Whether you’re a service based company, a personal brand or selling a product, PR is likely to be a part of your business plan. You’ve probably got someone on staff or on call who can whip out a press release for you, and when they do you want that information to be published as widely as possible.

But can your website hurt or help you when it comes to getting your big news published? Simply put, yes.

A senior editor at a US-based business to business magazine gave us the breakdown one day:

“We get a ton of press releases daily, and we read every one, but you can bet if I don’t know the company, one of the first things I’m doing is going to their website. The better their layout, copywriting, content, social are…the more likely they are to make the cut.”

It sounds judgmental—and it is, which is why the editor declined to be named—but it’s also the reality in a world where search engine rankings are tied to every inbound and outbound link on a publication’s website. Remember, newspapers and magazines are getting savvy to the online game and those stats represent dollar figures for their advertisers.

Plus, according to our source, “there’s a ton of pressure to build and link to sites that are mobile friendly. TV stations are pushing a two-screen experience and print media are trying to grab web traffic anytime you sit down.”

So what are some things you can do to own a PR-friendly website?

  • One of the biggest assets in your corner could be responsive design. That simply means your site is a shape-shifter—it’s coded from the bottom up to scale and rescale to whichever size display it’s being viewed on. Editors aren’t always checking you out on a desktop. Fortunately, we know a firm who specialises in responsive (ahem).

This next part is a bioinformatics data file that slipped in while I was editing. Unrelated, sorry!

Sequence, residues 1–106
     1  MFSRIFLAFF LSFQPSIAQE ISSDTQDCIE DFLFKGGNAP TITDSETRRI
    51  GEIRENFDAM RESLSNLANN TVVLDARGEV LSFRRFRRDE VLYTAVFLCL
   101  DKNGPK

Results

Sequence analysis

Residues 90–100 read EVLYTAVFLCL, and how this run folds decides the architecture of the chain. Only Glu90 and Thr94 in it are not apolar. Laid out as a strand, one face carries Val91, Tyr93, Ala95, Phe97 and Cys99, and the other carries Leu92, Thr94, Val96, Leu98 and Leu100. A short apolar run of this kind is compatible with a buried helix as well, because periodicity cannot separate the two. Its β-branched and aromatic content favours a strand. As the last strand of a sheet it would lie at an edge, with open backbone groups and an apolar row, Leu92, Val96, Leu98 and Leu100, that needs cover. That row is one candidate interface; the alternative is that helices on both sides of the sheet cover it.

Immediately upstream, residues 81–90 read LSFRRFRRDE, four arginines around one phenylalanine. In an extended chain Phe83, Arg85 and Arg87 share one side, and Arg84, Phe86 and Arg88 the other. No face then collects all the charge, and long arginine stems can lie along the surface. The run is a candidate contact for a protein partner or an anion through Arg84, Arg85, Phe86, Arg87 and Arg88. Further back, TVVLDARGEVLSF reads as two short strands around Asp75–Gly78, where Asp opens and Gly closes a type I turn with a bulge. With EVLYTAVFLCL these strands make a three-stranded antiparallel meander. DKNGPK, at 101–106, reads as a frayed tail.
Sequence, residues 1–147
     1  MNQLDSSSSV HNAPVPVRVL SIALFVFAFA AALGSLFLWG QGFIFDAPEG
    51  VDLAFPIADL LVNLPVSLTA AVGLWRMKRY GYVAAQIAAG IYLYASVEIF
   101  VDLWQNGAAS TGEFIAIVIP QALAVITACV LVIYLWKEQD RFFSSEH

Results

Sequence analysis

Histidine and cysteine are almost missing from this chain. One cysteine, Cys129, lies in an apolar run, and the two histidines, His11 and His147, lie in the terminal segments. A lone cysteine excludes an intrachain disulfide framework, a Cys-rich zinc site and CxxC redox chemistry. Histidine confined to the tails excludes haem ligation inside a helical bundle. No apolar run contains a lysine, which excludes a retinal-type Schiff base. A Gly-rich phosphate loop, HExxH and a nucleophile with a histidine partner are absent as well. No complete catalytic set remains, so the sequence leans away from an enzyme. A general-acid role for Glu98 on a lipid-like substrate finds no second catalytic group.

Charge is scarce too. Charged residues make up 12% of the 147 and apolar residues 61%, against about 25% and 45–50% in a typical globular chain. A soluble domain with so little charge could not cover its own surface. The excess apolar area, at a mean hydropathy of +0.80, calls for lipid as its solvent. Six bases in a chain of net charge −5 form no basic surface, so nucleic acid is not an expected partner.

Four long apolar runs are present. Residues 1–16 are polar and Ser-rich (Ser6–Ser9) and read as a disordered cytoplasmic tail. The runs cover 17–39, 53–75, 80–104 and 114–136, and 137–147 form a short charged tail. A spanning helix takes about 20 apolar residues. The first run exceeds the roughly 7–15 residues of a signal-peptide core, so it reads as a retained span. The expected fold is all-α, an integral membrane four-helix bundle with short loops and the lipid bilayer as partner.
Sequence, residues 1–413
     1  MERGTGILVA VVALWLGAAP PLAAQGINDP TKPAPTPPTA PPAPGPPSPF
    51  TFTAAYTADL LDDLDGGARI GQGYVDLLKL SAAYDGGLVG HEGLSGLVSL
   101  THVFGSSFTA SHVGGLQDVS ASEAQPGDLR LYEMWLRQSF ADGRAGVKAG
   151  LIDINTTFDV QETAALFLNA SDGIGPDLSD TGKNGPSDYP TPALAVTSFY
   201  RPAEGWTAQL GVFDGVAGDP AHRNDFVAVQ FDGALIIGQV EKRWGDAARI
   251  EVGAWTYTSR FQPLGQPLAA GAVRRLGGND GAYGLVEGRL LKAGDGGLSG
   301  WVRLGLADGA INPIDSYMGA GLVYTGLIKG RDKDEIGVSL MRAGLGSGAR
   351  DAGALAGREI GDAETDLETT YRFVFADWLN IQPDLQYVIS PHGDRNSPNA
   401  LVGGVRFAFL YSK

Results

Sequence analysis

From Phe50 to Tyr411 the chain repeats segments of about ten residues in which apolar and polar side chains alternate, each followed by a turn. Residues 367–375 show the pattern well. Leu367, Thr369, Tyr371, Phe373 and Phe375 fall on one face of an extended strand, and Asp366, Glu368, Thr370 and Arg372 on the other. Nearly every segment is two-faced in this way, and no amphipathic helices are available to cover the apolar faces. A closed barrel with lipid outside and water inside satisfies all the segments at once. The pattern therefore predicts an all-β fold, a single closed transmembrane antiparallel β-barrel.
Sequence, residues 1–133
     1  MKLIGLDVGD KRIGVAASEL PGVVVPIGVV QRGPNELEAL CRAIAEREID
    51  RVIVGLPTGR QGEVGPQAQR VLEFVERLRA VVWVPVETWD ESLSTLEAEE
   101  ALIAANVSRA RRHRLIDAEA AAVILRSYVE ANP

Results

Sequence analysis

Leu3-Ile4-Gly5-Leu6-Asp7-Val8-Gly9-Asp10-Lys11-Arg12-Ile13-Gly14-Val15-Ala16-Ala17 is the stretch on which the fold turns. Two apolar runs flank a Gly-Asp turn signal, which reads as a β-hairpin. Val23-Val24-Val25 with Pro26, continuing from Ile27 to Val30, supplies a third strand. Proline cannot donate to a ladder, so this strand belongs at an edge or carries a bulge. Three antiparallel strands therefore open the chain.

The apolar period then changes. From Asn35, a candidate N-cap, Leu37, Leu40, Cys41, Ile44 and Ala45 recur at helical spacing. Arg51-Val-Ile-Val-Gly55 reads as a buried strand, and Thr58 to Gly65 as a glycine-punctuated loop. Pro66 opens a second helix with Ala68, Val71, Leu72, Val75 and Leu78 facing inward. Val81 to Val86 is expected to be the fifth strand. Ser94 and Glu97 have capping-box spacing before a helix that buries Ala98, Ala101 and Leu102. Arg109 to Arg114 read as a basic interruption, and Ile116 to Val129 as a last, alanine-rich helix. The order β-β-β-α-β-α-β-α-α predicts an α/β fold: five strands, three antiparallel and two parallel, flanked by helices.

• Another key? A clean presentation. The quicker someone can understand who you are and what you do, the better. A clean presentation doesn’t just help your consumers, it helps time crunched media professionals as well.
  • Be personable. “Editors are just people too. If I haven’t heard from you before, take two seconds to introduce yourself in an email or on Twitter so I can get a feel for what you’re about,” says our source, “even if I can’t get back right away, I will appreciate the gesture.”

At the end of the day, a world-class website won’t make up for a bad release. You should still be sending out concise, well-written materials with quality imagery. But having a clean, responsive and search engine friendly website could put the cherry on top for the next truly juicy press release your company send outs.

That could get you published. And that could add up to some tasty revenue for your brand.